Not only will locals appreciate that you have put forth the effort to learn their language, they will be more excited to share other parts of their culture with you.
Making New Friends
If you travel and put an honest effort into learning a language at the same time, you will make friends. I can guarantee this.
While on my gap year in Italy, I was at a train station in Pisa going back to Florence. I was one of a few people waiting on the platform and suspected I was about to get on the wrong train because the train tracking app and the train status board at the station disagreed (this happens, FYI). I asked a woman near me in Italian if this platform was for the train going back to Florence. She didn’t speak any Italian, or English, and it turns out she was from Argentina and spoke only Spanish. Being excited by the challenge and testing my limited Spanish, I got my train question resolved.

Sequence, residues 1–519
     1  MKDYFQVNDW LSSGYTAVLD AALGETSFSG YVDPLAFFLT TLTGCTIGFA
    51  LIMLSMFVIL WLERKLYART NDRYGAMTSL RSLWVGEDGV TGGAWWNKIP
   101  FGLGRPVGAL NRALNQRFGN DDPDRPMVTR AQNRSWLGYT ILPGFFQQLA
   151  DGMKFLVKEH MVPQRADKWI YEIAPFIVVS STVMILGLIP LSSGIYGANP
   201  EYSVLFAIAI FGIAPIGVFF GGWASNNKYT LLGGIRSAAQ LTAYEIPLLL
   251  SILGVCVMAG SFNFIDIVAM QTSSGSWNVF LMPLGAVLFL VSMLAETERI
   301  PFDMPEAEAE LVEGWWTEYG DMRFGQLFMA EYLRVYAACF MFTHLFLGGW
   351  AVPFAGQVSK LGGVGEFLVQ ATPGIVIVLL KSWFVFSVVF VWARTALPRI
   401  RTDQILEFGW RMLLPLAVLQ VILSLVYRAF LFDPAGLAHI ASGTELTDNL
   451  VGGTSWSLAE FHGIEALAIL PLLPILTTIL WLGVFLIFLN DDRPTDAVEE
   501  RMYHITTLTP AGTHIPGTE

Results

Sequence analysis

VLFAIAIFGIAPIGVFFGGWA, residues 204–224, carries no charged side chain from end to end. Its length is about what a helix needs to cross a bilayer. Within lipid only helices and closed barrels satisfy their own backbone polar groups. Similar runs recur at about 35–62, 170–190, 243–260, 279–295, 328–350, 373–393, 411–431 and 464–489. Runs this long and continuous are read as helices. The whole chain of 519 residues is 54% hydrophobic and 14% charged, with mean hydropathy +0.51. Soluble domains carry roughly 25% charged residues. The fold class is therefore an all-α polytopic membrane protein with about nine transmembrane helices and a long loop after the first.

We chatted a bit on the train back to Florence. We connected over the fact that I speak Spanish with a slight Argentinian accent (because my Spanish teacher is Argentinian), and we were both traveling solo. She seemed cool, friendly, and normal, so I sheepishly asked if she wanted to get dinner back in Florence to which she agreed. There’s that lovely South American “open to hang” mentality again. We had a lot of fun conversing over dinner, despite me saying “can you say that again but a little slower?” more times than I would have liked, which ultimately added to the fun.
Anyway, dinner in Florence turned into a weekend in Venice with my new friend, Carolina, where we met up with another friend of mine, Sara, who lived on the island and gave us a tour around the canals on her boat. Sara speaks Italian and French natively, plus English and Spanish fluently – thank god (but also, you’re making us all look bad, Sara). That night, Sara was finishing up a jazz vocals course that she was teaching, and she invited me to bring my guitar and play some tunes with a piano player for her students to sing their “final project” songs.